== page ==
Creating good passwords – and remembering them

Many sites will ask for a password that is at least eight characters and includes at least one number. Some are also case-sensitive. The secret for a memorable password is to work to a template made of several easy-to-recall components. For example, in number + letters + letters, number could be the first four digits of your phone number + an acronym for the site the password is used to access + either date, month or year of birth: 5552spmk70 for your supermarket shopping.

It doesn’t look memorable, but the key is that you can work it out. By varying the last number you will still have a substantially different passwords that only give you three options if you get it wrong, so most sites won’t shut you out. For additional security add one capital – perhaps the last letter of your site acronym: so 5552spmK70.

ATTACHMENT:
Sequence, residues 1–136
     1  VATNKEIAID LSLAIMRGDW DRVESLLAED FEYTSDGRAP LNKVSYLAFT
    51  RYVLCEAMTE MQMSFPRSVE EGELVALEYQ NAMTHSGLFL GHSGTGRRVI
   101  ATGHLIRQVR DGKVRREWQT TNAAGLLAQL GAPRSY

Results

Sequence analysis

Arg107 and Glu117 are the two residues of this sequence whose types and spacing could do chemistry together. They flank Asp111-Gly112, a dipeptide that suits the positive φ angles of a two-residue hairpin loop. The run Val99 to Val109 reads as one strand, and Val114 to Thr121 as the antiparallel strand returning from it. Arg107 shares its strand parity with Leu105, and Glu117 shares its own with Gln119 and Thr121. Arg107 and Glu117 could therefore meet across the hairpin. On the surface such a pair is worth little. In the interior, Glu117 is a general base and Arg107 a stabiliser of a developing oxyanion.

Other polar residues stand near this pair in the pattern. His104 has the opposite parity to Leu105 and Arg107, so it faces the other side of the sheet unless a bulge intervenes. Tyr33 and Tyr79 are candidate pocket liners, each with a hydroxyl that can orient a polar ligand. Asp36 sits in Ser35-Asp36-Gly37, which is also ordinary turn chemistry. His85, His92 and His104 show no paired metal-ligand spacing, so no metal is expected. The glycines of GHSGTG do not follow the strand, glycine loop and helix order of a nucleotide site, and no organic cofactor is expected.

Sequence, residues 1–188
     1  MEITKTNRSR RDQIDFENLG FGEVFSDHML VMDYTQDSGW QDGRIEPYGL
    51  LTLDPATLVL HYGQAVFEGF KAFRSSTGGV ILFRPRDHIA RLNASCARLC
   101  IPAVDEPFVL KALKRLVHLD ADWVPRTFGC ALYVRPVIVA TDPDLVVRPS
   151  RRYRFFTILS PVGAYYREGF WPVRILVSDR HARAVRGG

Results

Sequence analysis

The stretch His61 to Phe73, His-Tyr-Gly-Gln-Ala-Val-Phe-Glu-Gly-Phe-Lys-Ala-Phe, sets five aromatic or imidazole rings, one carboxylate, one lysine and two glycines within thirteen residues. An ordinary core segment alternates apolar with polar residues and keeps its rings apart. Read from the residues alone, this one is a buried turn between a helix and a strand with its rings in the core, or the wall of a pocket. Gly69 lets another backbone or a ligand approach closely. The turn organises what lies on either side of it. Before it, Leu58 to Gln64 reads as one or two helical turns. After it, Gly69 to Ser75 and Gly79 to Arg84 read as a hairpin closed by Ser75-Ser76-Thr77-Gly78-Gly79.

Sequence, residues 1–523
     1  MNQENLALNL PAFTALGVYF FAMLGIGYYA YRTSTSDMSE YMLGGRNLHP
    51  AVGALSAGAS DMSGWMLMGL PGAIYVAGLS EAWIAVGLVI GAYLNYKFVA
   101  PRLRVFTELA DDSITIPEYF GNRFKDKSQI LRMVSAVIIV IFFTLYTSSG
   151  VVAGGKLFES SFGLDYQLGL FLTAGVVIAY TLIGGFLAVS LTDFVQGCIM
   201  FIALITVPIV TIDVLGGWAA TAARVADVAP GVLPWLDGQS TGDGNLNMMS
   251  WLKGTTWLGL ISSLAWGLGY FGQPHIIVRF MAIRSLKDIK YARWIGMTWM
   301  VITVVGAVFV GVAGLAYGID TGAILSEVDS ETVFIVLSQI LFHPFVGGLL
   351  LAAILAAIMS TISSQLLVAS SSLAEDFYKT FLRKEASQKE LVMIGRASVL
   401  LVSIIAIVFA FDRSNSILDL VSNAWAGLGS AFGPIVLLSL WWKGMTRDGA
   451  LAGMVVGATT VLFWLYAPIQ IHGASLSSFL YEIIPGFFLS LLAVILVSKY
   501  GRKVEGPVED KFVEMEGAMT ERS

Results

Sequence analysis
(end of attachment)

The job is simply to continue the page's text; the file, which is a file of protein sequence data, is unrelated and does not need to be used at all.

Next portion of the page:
The template as mnemonic can be varied almost infinitely according to your preferences. Make it more complicated if you like (generally speaking, the more letters and letter-number-case combinations, the harder it is to crack). If you have two passwords for one site, make one the other one backwards.

Be creative

With imagination and a little effort you’ll be able to manage and remember computer passwords galore, or at least have a good shot at guessing if your memory fails you.

Password Security

Password Do’s and Don’ts

Five “Don’ts” & Five “Dos” for Better Passwords